Currently, the map fills the screen at normal zoom level. No other elements are on the page (other than a small link).

Our proposed redesign of the Places page. The map is smaller, but still has the same functionality and zoom capabilities. Now other elements, like map instructions and related internal links can be fit onto the map. Studies show that users expect this contextual information here.

Our Places page mockup addresses the following observed and reported issues:

  • Map interactive interrupts user scroll – Severity: 3
  • No contextual / textual information on this page – Severity: 3
  • No feedback indicators for which icons have metadata attached – Severity: 4
  • Lack of visible linkages to media page – Severity: 3

Reducing the size of the map frame, a very small small change, immediately eliminates a major usability error (interactive interrupts scroll) and allows for the contextual information that users asked for on this page to be introduced. All participants sought more information on this page: we observed that all of them navigated to this page first when looking for images of monestaries (because this is a map of monasteries), most of them voiced confusion with how the map worked, and many of them expressed frustration with the fact that other information from the site, like articles written using this data that is only found on the Resources page, is not also linked here.


Currently, before users can access any “Resources” on the site, they must choose between one of these three icons.
The new resources mockup removes a landing page and makes finding information much more streamlined.

Our Resources page mockup addresses the following observed and reported issues:

  • unclear labels and icons – Severity: 4
  • “Engage” content is hidden in the form of articles – Severity: 3

The most salient usability issue that would need to be fixed on the site was the confusing landing page in Resources. Every user who navigated to this page visibly and audible became confused. One user repeatedly assured us she was not “lost” and another said the one thing she would change about the site was the Resource page layout. Essentially, we were seeing that the icons and their labels that needed to be clicked into before any content could be previewed, and that such a simple layout could not adequately describe the content it was alluding to. Users had different interpretations of each of the three labels “Engage,” “Download,” and “Learn.” We saw that depending on the background and profession of the user, “Learn” meant two different things to them. I learned from this part of our test that even if the user completes a task correctly, they will be much less confident in their destination if there was trouble navigating to it earlier.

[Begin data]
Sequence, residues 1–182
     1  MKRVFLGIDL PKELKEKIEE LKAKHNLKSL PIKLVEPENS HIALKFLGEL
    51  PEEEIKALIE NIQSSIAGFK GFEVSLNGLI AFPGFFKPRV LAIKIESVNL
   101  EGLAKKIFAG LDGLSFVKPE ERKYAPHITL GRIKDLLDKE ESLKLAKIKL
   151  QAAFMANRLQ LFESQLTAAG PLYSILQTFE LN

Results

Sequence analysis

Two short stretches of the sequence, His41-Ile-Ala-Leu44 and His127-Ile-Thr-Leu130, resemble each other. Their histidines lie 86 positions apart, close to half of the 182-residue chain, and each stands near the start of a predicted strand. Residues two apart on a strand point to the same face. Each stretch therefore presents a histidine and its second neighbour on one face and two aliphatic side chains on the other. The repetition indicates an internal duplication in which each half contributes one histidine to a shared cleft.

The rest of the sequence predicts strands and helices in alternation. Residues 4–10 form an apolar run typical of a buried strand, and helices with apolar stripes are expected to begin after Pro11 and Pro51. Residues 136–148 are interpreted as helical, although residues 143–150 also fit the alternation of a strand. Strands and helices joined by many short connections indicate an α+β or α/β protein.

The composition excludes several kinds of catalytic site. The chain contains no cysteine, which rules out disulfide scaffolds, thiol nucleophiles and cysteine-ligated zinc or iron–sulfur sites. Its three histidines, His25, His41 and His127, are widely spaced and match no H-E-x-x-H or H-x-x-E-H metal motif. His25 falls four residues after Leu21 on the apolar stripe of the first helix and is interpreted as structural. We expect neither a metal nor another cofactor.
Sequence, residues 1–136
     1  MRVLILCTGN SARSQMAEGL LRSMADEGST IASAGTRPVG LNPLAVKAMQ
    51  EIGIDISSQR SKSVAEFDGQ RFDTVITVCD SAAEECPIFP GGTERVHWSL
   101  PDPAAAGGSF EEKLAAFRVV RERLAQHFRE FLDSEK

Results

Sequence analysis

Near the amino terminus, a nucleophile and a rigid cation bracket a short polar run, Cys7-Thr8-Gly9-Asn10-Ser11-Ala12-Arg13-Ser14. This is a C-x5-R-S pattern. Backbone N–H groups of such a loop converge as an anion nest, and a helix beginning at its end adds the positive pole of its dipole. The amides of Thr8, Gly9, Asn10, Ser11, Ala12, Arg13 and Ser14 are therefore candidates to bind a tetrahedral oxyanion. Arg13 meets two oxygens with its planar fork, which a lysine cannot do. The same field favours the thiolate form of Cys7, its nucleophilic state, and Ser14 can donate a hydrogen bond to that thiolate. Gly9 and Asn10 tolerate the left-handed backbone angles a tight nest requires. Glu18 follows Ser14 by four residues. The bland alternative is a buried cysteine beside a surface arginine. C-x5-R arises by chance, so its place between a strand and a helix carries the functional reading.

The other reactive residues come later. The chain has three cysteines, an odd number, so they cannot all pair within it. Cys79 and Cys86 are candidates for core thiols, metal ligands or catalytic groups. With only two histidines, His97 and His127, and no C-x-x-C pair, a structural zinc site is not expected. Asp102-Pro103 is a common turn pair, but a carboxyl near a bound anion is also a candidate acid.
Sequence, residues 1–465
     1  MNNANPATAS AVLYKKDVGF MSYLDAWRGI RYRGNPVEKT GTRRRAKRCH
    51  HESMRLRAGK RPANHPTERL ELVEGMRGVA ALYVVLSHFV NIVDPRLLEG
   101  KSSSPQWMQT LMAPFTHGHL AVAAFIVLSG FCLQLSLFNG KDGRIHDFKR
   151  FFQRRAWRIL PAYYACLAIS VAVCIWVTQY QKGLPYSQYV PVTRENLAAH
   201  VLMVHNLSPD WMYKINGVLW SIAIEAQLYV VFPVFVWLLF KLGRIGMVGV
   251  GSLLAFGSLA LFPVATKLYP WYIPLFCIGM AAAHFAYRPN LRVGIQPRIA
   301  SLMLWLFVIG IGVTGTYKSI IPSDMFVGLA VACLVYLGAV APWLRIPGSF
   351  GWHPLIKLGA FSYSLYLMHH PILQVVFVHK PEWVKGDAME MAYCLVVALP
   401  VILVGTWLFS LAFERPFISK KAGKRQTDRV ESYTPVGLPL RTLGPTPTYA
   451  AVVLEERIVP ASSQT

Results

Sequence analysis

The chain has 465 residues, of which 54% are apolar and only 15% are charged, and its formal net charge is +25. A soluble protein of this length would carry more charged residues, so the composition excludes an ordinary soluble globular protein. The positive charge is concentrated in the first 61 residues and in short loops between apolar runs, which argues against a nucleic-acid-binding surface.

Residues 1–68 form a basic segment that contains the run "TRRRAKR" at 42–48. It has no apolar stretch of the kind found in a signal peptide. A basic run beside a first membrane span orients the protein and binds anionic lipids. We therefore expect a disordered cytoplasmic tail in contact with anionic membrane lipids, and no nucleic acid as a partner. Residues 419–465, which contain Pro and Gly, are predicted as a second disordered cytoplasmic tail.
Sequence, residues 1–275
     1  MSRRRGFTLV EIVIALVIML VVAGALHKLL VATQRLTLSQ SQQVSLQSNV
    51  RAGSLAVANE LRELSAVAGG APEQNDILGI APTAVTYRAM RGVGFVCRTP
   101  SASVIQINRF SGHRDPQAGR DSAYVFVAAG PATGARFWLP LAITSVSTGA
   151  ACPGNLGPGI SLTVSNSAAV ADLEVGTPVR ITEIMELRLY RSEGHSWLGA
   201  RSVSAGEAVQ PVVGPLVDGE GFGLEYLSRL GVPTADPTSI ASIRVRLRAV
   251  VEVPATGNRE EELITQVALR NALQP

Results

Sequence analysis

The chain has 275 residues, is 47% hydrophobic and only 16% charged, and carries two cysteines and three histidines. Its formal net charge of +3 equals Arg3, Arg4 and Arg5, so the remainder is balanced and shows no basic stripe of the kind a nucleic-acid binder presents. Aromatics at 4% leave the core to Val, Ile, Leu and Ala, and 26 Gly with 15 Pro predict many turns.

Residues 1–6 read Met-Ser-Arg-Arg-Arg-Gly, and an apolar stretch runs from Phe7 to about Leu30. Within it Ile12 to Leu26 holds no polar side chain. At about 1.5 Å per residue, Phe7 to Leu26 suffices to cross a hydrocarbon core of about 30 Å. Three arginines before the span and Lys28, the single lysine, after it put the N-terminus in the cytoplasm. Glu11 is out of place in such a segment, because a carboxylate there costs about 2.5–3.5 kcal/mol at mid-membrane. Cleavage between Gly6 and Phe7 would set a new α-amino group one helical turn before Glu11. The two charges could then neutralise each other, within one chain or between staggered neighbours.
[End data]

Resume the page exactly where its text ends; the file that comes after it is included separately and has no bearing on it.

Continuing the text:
How We Can Make These Recommendations a Reality: Feedback From the Clients

The clients loved the presentation and had many questions. Dawn and Joseph had always been proud of the smart visual design of the site, and for good reason. The pleasing visuals created feelings of satisfaction and promoted curiosity for almost all participants.

Certain recommendations that we initially made, we would like to adjust so that our mockups can better become a reality for NSP. In our redesigned navigation bar, we included a site search option (a search icon), but that would be very difficult to build for this site. Before suggesting search bars for websites, it’s always a good idea to understand the back-end development of the site and where data is stored. For NSP, their large datasets are stored in several different databases offsite. Additionally, right now the amount of information that is housed behind all Resources pages fits nicely onto one page and is very scrolling-friendly. However, when designing a website we should design for the future. Accordion menus may function nicely to collapse greater amounts of content in the future.